Recently graduated Franklin Regional football player battling brain cancer

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Tuesday, August 2, 2022 | 2:31 PM


Pain is temporary.

The long-used refrain has pushed many football players to overcome the rigors of training camp, the grind of preparation and long, sometimes injury-plagued seasons.

The same words are motivating Joe Purdue to fight cancer.

Purdue graduated from Franklin Regional in June. Less than two months later, during the final week of July, he was diagnosed with a brain tumor.

“I have had so many injuries in football. I know my body,” Purdue said. “I knew something was wrong. I was getting really dizzy, and my face was tingling.”

Purdue, a multi-year starter at center with additional snaps at defensive end at Franklin Regional, considered playing football in college.

“God was telling me my playing days were about up,” he said.

He received his first radiation treatment Monday at UPMC Children’s Hospital of Pittsburgh. He will continue treatments for six weeks, with hopes the couple-centimeters-sized tumor shrinks by the fifth session.

“The doctor told me not to look up what I have (online),” Purdue said. “But I did. I read about it, and it is not good. I am just taking it all in. My parents cried when we found out. I cried, too, and I don’t cry. Pain is temporary. I am letting God take the wheel on this one.”

Initially told he was dehydrated, Purdue insisted something more was wrong. His dizzy spells became more frequent, his face was tingling and he could not concentrate.

He was helping to paint a ceiling while working with his father’s home-restoration business when an “episode” came on. With the room literally spinning around him, he had to stop.

“I was putting oil primer on a ceiling, and I really felt dizzy,” he said. “I told my dad something was really wrong.”

The second opinion led to scans of his brain and the discovery of the tumor on his pons, which links the brain to the spinal cord. Tests showed the cancer was confined to his brain and had not spread.

“I had plans to go to Steelers camp, but that fell through,” he said. “I just pretty much stay at home and rest in bed. I have watched a lot of ‘Friends.’ ”

And a lot of friends have watched him.

The catalyst to recovery and normalcy could lie in a growing ring of support. It is fueling the blue-collar Purdue’s determination.

Two of his closest friends, Sal Banks and Chase Williams, fired up a GoFundMe page Sunday to help the family with medical bills.

The $20,000 goal was surpassed by Monday morning, and the total had climbed to more than $27,000 by Tuesday afternoon.

“My friends have been great,” Purdue said. “On the day I was diagnosed, they were there to 12 o’clock at night and brought me North Park Lounge (food). I ordered it. They picked it up.”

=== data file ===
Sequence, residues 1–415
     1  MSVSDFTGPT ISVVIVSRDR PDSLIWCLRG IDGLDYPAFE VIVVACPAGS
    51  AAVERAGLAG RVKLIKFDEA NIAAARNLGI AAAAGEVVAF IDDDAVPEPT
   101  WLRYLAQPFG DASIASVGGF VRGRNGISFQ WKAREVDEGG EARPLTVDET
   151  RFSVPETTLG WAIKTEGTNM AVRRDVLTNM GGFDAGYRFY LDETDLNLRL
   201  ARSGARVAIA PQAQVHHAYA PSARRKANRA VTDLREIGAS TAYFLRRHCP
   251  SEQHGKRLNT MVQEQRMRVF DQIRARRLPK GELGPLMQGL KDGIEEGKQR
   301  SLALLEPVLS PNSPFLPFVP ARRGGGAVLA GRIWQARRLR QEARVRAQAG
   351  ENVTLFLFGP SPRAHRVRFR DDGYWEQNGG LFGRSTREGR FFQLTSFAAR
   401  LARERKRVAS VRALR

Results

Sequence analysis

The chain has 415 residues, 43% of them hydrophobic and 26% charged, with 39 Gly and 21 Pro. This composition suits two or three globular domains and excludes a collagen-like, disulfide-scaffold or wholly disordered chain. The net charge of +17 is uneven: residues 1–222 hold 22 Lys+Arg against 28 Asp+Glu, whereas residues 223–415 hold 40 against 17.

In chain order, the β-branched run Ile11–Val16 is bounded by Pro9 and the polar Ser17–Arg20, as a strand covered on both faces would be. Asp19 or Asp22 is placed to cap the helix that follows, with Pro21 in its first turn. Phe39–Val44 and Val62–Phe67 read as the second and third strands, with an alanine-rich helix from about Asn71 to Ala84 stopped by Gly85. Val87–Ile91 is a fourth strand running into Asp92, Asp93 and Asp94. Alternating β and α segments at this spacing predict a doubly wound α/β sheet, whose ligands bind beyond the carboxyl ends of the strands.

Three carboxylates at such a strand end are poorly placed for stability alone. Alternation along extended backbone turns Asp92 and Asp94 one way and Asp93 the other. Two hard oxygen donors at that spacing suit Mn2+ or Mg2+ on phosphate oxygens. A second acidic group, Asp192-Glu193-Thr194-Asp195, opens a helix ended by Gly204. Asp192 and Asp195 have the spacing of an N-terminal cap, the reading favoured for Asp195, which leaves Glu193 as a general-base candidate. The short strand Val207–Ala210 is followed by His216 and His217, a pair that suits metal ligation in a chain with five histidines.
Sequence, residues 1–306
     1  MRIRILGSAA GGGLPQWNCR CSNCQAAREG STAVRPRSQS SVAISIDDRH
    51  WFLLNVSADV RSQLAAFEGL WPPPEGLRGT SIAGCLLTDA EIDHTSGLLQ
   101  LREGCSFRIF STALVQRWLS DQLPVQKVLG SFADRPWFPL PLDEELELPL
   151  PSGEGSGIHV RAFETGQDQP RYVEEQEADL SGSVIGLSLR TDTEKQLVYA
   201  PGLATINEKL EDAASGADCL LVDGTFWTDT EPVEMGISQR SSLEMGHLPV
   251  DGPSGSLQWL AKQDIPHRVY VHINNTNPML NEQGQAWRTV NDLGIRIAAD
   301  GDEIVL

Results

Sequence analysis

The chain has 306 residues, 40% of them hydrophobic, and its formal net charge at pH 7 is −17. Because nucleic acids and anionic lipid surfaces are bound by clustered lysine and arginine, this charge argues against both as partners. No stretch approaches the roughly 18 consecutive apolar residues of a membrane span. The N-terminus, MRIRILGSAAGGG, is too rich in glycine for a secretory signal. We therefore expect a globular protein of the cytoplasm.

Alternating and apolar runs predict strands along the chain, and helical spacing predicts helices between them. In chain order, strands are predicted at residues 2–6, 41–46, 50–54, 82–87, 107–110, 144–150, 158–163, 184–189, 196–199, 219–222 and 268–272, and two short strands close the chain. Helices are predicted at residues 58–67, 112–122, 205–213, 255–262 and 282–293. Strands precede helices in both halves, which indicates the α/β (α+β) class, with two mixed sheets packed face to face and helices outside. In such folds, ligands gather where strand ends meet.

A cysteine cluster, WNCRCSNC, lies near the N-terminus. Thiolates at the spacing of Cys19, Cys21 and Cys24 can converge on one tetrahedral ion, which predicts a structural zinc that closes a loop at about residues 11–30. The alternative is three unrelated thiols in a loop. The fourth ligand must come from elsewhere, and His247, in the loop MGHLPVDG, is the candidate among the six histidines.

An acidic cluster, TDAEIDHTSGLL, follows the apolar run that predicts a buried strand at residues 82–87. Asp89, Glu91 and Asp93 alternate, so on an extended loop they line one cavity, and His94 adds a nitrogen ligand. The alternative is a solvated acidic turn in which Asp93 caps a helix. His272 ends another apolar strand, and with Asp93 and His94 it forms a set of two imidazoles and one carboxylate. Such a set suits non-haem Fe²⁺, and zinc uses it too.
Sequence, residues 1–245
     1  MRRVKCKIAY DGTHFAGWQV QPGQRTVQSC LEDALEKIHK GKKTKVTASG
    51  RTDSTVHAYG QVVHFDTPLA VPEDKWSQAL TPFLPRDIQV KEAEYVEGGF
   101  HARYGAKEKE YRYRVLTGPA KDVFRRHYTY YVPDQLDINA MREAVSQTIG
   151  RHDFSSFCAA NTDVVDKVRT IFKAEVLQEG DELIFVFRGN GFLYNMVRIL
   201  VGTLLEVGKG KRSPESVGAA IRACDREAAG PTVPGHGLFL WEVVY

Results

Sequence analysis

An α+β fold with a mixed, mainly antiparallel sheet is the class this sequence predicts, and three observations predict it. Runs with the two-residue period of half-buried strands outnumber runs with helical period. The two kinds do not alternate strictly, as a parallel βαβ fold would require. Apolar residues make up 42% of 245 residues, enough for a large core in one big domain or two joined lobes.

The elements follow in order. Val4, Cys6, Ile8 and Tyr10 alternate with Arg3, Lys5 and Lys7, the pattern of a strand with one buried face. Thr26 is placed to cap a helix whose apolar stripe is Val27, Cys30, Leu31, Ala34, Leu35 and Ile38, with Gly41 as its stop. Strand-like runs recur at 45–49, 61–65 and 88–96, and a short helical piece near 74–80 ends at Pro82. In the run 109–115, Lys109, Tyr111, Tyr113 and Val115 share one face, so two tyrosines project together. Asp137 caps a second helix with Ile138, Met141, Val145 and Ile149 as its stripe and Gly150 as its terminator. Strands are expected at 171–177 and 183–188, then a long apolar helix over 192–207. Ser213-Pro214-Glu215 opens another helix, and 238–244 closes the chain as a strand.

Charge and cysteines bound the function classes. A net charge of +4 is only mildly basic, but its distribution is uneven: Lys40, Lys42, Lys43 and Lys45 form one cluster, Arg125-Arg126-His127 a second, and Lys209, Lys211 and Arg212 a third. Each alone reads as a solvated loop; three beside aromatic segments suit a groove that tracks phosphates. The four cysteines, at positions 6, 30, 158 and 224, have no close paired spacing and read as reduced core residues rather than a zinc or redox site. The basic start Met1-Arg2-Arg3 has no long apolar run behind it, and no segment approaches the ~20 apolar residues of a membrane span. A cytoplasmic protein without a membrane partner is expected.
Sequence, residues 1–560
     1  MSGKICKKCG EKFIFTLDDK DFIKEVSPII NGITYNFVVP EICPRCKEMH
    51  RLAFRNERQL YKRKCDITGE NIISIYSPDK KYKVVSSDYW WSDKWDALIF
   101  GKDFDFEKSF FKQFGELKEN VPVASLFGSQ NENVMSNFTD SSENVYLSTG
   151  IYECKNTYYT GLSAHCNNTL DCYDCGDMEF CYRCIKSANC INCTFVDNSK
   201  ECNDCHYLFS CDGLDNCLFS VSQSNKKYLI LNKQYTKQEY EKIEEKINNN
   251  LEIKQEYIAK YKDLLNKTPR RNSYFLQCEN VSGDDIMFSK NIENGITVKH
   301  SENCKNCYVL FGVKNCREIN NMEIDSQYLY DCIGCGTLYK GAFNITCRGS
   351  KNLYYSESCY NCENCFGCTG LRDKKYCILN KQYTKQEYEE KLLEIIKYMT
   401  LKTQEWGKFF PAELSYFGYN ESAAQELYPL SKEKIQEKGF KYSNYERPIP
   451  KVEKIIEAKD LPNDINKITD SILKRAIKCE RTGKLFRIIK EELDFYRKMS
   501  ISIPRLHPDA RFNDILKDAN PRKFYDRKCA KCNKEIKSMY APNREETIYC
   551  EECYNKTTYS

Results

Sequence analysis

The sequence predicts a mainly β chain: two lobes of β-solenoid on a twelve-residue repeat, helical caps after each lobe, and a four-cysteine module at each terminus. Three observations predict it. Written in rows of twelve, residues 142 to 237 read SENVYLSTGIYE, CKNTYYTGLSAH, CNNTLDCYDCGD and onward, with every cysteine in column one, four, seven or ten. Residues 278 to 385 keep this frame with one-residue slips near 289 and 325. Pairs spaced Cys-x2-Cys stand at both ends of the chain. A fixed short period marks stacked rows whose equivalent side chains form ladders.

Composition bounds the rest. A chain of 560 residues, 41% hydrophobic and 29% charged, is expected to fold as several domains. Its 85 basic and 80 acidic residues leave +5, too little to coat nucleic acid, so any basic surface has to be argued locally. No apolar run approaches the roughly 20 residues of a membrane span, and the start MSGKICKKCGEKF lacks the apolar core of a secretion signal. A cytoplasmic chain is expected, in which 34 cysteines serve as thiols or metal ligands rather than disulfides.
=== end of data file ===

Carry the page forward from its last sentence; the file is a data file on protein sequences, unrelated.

Williams, a Franklin Regional hockey standout, has been a friend of Purdue’s since the pair were in seventh grade.

“He’s always been a super supportive and loyal friend of mine,” Williams said. “Adults speak extremely high of him because he’s a very polite kid, and he always sticks to his good morals. My friend Sal and I started the page because we want to do whatever we can to help Joe and his family through this battle. We wanted to find a way so that everyone in the community could show their love and support for Joe.”

Purdue said his overcoming numerous football-related injuries motivates him to win this battle.

He had whiplash as a freshman, a knee injury as a sophomore, a thumb issue as a junior and a torn labrum as a senior, the last of which he played through before having surgery in the offseason.

“That prepared me mentally,” he said. “A lot of it is mental. I am going to get through this.”

Franklin Regional coach Lance Getsy expects Purdue to navigate his situation and give everything he has to win.

He said Purdue remains a part of the Panthers’ football family.

“He is a great young man that was always a positive leader for the team,” Getsy said. “He encouraged his teammates daily and did everything that he could possibly do to help the team. Joe worked really hard in the weight room going into his senior year, and he has a very good understanding of football. But most of all, Joe is a great young man to be around and to have a conversation with. Everything that he does, he does it with great passion and will have a very successful life because of his tremendous work ethic.

“If there is one person that I feel confident in overcoming something like this, it’s definitely Joe.”

Williams expects Purdue to rally and beat the disease.

“He’s a strong kid who’s been through some tough trials in his life,” Williams said. “He’s very religious, so he’ll have the power of God on his side throughout this battle. Myself and others have extremely high hopes for Joe, and we have nothing but love and faith in him during this tough time.”

Purdue has put off college — for now.

He has been accepted to IUP. Having earned 15 college credits in high school, he is slightly ahead in his academic pursuits.

“My mom and dad went to IUP,” he said. “I hope to enroll for the second semester. It is something I look forward to doing. Having the 15 credits is a nice backup. Hopefully I can finish when everyone else finishes.”

For now, though, his journey is just beginning.

Bill Beckner Jr. is a Tribune-Review Staff Writer. You can contact Bill by email at bbeckner@triblive.com or via Twitter .

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